One of the foremost things that patriarchy uses to judge women is their appearance, held against an arbitrary standard. Every culture has its own standards of beauty, and they primarily are about women and how they should look. This is used as a way to rate women, like we’re just animals. There are no such standards for men. They may say that there are, but you will not see men attacked and vilified for not meeting certain standards, while women are.
The problems with beauty standards are often seen from the perspective of those who don’t meet them. They indeed suffer, they are constantly judged and are always told that they should be different, that they should change. Someone, who by sheer chance, happens to meet the standards set by our society, is seen as lucky. I personally am one of these ‘lucky’ women. I am thin (okay, skinny, but that for some reason is seen as good. I personally would rather have a healthier weight), I have long hair, large eyes, and what seems to be most important, my breasts are relatively large (prompting questions about how much they cost. In terms of surgery, nothing, because I didn’t have any. In terms of things like bras and the like, I don’t even want to make a count, but it’s a lot).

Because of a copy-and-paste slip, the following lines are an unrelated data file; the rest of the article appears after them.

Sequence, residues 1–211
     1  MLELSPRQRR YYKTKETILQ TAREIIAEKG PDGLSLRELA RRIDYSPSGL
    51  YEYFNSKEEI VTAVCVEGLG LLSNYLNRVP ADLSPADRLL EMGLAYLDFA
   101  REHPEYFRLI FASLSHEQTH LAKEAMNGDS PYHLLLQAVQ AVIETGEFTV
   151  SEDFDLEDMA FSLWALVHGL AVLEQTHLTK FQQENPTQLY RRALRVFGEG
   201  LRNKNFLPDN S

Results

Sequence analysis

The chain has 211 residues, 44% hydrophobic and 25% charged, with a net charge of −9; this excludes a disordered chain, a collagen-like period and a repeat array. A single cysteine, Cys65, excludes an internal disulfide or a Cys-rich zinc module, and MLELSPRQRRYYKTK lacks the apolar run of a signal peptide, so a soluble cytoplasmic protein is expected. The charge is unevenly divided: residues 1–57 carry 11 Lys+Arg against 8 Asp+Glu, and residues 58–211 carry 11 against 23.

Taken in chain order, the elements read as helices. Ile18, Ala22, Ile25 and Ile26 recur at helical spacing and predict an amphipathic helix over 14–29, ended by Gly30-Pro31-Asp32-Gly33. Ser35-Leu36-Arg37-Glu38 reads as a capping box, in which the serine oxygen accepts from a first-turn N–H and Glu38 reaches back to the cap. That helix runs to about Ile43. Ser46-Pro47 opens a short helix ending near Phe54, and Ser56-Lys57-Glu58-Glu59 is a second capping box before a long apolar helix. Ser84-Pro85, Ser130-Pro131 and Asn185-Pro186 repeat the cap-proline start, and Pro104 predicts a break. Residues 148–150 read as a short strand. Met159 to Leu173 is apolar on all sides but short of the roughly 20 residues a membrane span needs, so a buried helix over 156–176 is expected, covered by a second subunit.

There are benefits to it. Of course, there always are benefits to meeting expectations. Unlike many girls, I was able to pay for at least part of my studies by just standing around, having pictures taken of me in different outfits, walking over a stage, or just standing around at a stand. Yes, I did (and occasionally still do) modelling work and have been a so-called booth-babe. Especially the standard modelling, so to say, was incredibly silly. I put on some clothes, had a few pictures taken, and got paid for it. Basically. Funnily enough, these things often wouldn’t fit me, because I’m too thin to just get them from a store. They want to show beauty standards, but it can’t eat into their profits of course.
But there also are disadvantages. I know that this sounds an awful lot like the complaining of the privileged. I know that I am immensely privileged, I am white, I’m well-educated, and I even have decent looks. But I think that it’s important to be aware of these things, also to have a better understanding about how the patriarchy uses these things to divide us and to eat up our time.